"Do we really wish to have a science-based society or should we let ourselves be governed by prejudices and misconceptions?" ask Roberto Defez, a molecular microbiologist at the Italian National Research Council, and Dennis Eriksson, a researcher at the Swedish University of Agricultural Sciences. They asked this question in their article in Euractiv, which was published after the EU court ruled that prejudices on GM foods are unfounded.
  


A science exchange program was held in February 2017 between Cairo University, Egypt and Helsinki University in Finland. Prof. Naglaa Abdallah of Cairo University and director of Egyptian Biotechnology Information Center (EBIC) participated in the event.



Researchers from Chinese Academy of Agricultural Sciences and National Center for Citrus Variety Improvement and Southwest University in China report the improvement of citrus canker resistance through CRISPR-Cas9. The researchers performed targeted editing of host disease-susceptibility gene CsLOB1 promoter in citrus, which led to mutation lines with enhanced resistance to citrus canker compared to wild types.



 Mozambique has planted the first field trial of genetically modified (GM) maize in the Chokwe District of Gaza Province as part of the Water Efficient Maize for Africa (WEMA) program. The trial will test the tolerance of GM maize to drought and insect pests. 

 


Scientists from France and the U.K. reviewed 52 articles and found that most of the applications of CRISPR in crops were to improve the yield performance of the crops, as well as to improve the nutrient content (biofortification) and the tolerance to abiotic and biotic stresses. 



A group of researchers from ETH Zürich genetically modified rice that not only has increased levels of the micronutrients iron and zinc in the grains, but also produces beta-carotene, a precursor of vitamin A. The new multi-nutrient rice lines are still being tested in the greenhouse and analyzed for their micronutrient content.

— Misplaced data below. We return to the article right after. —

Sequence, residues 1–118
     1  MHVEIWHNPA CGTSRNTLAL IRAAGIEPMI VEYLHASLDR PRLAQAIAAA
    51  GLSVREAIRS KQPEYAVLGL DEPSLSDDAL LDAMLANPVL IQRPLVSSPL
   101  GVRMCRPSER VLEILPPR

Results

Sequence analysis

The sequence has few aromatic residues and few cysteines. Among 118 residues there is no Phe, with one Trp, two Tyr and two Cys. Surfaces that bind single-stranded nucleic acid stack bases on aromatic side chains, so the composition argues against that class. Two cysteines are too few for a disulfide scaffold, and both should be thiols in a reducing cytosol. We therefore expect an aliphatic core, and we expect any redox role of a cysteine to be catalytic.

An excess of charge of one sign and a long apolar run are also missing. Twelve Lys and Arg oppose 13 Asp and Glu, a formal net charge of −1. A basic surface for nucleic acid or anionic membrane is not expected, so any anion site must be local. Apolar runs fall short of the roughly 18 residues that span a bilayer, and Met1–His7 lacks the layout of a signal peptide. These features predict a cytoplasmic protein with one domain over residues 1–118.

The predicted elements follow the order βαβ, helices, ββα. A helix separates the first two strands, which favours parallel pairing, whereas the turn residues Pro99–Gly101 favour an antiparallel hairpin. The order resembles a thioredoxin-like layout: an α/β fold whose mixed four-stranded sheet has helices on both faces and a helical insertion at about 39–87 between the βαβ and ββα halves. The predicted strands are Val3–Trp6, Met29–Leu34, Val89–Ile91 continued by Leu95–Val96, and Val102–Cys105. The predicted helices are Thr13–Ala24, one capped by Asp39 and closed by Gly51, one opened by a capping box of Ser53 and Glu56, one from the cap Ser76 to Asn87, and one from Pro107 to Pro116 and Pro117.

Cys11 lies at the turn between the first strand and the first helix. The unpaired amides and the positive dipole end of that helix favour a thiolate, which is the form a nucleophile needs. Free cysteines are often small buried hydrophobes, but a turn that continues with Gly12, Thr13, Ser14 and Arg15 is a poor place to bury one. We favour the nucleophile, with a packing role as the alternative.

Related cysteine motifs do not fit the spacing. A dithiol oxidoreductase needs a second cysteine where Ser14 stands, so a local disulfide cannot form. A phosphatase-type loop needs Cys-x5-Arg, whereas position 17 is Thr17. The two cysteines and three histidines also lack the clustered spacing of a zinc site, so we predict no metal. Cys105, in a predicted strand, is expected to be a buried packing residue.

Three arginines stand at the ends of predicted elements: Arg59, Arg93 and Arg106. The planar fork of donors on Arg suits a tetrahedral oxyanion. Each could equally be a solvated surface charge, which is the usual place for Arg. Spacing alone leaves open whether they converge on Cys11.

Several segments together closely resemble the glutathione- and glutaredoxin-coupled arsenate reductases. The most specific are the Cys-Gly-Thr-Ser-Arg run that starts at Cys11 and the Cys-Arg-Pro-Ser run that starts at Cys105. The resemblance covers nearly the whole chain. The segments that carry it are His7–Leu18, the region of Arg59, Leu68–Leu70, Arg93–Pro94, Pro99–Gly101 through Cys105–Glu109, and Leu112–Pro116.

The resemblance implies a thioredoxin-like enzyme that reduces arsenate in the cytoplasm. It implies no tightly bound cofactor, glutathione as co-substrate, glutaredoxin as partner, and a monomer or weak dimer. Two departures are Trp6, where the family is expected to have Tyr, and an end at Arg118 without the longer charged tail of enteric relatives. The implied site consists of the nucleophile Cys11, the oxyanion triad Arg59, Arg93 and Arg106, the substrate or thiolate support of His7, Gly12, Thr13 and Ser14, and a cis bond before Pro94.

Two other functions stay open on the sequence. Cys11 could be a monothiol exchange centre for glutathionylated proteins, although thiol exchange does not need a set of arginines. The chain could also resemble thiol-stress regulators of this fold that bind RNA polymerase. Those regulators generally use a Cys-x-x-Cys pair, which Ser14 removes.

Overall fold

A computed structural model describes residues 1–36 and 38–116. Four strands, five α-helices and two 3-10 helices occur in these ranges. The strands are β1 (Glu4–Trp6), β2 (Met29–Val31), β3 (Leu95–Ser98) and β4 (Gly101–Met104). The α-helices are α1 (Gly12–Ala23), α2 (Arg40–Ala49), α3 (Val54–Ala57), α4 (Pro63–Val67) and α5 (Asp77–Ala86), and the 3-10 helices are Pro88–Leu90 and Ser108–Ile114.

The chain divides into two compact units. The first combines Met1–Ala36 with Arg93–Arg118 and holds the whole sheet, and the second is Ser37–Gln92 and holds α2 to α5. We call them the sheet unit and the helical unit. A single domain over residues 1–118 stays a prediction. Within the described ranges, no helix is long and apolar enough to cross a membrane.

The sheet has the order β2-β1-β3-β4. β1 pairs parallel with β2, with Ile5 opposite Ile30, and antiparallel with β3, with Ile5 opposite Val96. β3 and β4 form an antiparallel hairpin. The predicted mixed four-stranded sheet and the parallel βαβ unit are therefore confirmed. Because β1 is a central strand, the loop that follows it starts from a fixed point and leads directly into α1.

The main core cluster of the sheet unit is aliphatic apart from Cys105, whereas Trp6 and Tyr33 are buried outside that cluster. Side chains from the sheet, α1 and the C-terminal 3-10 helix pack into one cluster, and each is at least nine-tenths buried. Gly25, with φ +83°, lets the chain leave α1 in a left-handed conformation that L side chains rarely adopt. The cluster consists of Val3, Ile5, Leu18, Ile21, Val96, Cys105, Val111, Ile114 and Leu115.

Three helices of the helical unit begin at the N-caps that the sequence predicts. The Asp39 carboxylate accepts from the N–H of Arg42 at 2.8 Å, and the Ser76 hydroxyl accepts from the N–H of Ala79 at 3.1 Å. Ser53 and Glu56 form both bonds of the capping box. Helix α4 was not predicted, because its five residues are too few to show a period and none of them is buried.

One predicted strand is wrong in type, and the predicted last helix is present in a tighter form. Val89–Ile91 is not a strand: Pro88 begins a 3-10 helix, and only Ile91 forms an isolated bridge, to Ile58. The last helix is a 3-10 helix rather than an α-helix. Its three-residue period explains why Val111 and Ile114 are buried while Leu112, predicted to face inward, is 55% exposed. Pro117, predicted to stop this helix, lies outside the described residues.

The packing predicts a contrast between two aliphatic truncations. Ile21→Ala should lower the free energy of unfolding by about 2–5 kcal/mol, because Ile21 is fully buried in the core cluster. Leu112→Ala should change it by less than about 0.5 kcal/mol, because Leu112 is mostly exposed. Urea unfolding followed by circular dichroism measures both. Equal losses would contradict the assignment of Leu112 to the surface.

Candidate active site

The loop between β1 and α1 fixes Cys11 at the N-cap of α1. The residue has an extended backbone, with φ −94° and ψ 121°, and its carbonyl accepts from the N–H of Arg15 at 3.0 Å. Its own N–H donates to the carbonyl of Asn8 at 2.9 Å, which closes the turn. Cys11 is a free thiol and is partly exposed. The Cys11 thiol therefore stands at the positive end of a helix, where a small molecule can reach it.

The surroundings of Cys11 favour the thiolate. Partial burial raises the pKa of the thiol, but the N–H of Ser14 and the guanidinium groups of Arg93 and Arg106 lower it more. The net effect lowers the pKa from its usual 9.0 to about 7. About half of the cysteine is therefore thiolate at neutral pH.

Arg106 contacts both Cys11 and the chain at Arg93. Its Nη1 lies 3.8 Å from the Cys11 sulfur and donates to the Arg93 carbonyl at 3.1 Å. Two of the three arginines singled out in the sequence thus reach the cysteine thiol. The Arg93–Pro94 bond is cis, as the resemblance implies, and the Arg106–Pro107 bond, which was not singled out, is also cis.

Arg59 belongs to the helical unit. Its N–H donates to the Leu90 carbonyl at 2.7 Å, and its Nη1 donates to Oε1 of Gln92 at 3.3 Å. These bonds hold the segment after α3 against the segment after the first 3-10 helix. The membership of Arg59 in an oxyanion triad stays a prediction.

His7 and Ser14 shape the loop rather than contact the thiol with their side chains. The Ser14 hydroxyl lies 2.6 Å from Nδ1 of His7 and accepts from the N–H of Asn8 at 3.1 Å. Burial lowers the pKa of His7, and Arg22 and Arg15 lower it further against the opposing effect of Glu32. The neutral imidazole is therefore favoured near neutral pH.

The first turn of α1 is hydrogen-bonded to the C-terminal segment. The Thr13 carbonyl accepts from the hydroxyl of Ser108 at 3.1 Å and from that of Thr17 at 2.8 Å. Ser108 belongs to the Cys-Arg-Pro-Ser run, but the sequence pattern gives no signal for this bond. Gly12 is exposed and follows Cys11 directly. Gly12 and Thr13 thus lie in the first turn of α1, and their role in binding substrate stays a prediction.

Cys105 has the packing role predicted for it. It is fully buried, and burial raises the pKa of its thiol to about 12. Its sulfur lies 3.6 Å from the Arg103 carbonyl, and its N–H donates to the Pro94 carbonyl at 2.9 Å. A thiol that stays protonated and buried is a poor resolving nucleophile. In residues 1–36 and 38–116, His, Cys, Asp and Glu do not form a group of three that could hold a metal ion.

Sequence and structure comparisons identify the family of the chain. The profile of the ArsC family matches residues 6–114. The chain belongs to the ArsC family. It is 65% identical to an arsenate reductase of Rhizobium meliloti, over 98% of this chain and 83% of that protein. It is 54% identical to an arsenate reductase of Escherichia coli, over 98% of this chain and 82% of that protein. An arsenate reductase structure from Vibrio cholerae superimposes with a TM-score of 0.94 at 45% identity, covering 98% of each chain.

A study conducted by researchers from the National Agri-Food Biotechnology Institute in India demonstrated that genome editing through CRISPR-Cas9 can be applied for banana genome modification.They tested this concept by performing mutation in genes involved in an enzyme activity. The decrease in chlorophyll contents exhibited by mutant plants implies that the function of the genes were disrupted.


 
Dow AgroSciences LLC researchers evaluated the impact of stacking genetically modified  events on maize grain on biochemical composition and compared it with the impact caused by generating non-GM hybrids. The composition of GM breeding stacks was found to be more similar to the composition of their iso-hybrids than to the composition of non-GM hybrids to their iso-hybrids. Hence, non-GM breeding is more capable of influenced crop composition than transgenesis or stacking of GM events.




Incheon National University scientists developed resveratrol-enriched rice with herbicide resistance (RR) and analyzed the metabolic changes that occurred. Analyses revealed that there were no significant differences in the biochemical structures of RR compared with the non-RR plants. The results also showed that herbicide treatment did not affect the chemical composition of RR.



University of Tokyo researchers developed genetically engineered rice that does not flower until it comes in contact with a specific fungicide. The results of the study can lead to the development of crops that can grow in different climate types and facilitate breeding for different agronomical characteristics.